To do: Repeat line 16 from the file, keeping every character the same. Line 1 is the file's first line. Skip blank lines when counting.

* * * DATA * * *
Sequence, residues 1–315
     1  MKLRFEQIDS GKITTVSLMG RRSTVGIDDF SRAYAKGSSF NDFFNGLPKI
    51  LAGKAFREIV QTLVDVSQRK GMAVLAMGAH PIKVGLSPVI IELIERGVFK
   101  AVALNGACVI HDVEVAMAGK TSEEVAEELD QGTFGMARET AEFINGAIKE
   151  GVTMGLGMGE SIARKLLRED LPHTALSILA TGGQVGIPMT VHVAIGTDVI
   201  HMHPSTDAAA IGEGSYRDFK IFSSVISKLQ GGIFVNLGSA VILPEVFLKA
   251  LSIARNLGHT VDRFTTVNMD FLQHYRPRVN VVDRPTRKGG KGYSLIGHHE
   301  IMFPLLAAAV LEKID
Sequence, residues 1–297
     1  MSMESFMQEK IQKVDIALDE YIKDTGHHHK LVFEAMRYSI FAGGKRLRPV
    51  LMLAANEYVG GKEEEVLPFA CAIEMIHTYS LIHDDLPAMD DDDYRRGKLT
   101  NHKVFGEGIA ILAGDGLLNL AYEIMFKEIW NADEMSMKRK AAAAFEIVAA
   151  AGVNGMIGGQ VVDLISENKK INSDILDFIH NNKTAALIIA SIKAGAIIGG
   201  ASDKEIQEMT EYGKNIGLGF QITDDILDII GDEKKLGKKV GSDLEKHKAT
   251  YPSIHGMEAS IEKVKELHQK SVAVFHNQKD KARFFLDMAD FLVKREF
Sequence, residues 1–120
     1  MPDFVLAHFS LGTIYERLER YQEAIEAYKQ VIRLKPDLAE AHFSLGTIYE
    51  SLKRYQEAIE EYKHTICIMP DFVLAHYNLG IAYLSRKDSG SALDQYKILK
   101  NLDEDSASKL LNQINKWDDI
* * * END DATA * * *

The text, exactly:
Sequence, residues 1–120